J Am Coll Cardiol 2011 May;57(22):2284-9
Cardiovascular Research Center and Center for Human Genetic Research, Massachusetts General Hospital, Boston, Massachusetts, USA.
Objectives: This study sought to describe the clinical correlates and heritability of the early repolarization pattern (ERP) in 2 large, population-based cohorts.
Background: There is growing recognition that ERP is associated with adverse outcomes.
Methods: Participants of the Framingham Heart Study (FHS) (N = 3,995) and the Health 2000 Survey (H2K) (N = 5,489) were included. ERP was defined as a J-point elevation ≥0.1 mV in ≥2 leads in either the inferior (II, III, aVF) or lateral (I, aVL, V(4-6)) territory or both. We tested the association between clinical characteristics and ERP, and estimated sibling recurrence risk.
Results: ERP was present in 243 of 3,955 (6.1%) of FHS and 180 of 5,489 (3.3%) of H2K subjects. Male sex, younger age, lower systolic blood pressure, higher Sokolow-Lyon index, and lower Cornell voltage were independently associated with the presence of ERP. In the FHS sample, siblings of individuals with ERP had an ERP prevalence of 11.6% (recurrence risk ratio of 1.89). Siblings of individuals with ERP had an increased unadjusted odds of ERP (odds ratio: 2.22, 95% confidence interval: 1.01 to 4.85, p = 0.047).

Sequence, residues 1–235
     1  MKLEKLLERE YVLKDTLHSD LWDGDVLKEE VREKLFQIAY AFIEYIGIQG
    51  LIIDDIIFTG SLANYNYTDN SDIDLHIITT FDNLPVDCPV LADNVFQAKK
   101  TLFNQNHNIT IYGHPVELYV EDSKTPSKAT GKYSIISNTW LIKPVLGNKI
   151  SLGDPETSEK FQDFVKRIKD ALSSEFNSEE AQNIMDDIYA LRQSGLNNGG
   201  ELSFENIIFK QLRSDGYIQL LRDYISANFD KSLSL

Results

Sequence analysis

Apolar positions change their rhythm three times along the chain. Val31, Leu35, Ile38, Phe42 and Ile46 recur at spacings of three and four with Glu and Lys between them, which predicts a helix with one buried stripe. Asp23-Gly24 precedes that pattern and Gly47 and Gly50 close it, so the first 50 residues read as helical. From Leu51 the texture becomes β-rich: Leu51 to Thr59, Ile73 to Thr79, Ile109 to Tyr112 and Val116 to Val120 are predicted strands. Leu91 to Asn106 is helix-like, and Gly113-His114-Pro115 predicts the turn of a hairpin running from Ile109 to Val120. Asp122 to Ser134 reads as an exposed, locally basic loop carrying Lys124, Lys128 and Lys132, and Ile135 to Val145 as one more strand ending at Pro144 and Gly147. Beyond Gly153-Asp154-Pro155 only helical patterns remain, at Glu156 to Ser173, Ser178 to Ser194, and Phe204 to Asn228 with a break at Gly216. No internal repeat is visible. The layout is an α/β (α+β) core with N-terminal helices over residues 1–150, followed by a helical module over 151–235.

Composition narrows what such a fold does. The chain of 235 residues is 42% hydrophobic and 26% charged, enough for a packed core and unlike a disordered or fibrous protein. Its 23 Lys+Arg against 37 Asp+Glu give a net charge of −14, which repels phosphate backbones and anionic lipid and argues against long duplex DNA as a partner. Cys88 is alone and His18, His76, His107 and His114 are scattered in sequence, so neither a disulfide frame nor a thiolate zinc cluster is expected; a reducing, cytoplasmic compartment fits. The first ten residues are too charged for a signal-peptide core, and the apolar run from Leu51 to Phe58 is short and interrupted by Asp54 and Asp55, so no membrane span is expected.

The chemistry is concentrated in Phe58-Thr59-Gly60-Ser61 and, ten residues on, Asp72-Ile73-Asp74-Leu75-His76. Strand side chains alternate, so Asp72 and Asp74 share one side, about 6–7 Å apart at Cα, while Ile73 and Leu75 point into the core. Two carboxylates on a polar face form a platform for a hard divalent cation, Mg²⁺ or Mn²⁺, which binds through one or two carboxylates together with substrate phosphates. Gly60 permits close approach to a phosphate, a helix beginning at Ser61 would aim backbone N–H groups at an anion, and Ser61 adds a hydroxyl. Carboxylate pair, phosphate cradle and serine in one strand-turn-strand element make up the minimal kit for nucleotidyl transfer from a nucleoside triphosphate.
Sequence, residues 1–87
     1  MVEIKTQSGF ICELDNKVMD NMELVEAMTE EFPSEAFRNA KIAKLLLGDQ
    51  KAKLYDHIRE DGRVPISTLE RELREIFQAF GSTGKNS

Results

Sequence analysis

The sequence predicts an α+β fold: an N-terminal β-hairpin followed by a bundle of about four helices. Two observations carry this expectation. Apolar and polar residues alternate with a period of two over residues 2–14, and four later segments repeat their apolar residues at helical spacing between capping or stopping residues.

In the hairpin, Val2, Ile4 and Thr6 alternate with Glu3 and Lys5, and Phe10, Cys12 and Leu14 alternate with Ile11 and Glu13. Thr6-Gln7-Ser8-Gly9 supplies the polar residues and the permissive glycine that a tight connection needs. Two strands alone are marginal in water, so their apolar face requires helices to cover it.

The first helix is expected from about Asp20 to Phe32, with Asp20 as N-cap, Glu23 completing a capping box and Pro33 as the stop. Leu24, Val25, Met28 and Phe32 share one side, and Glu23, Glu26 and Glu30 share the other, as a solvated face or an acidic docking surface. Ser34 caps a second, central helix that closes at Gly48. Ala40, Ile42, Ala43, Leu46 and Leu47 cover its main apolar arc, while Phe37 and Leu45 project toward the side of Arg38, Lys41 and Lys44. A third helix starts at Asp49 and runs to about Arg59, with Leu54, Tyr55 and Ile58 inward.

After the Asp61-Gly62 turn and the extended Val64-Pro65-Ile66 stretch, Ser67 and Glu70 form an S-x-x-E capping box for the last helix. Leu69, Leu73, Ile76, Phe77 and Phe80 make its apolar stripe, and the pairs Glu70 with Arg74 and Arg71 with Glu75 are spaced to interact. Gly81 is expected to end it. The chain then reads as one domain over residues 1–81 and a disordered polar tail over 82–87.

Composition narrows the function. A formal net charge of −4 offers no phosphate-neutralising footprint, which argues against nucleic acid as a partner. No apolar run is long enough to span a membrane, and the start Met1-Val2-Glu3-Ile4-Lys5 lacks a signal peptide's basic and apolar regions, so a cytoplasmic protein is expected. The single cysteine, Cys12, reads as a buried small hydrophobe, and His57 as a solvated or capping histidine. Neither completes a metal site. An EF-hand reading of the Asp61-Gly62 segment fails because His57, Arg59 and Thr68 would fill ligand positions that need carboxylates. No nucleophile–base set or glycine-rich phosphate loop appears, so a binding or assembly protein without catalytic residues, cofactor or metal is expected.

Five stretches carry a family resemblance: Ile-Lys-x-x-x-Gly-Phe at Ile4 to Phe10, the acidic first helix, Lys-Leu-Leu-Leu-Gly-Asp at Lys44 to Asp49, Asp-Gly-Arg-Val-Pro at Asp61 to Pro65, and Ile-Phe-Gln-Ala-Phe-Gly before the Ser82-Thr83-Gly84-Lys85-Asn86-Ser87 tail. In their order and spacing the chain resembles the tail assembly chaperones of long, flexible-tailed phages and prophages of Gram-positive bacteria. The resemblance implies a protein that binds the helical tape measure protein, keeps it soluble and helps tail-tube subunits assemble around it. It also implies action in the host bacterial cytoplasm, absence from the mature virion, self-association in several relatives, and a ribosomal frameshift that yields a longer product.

Conclusions: ERP has strong association with clinical factors and has evidence for a heritable basis in the general population. Further assessment of the genetic determinants of ERP is warranted.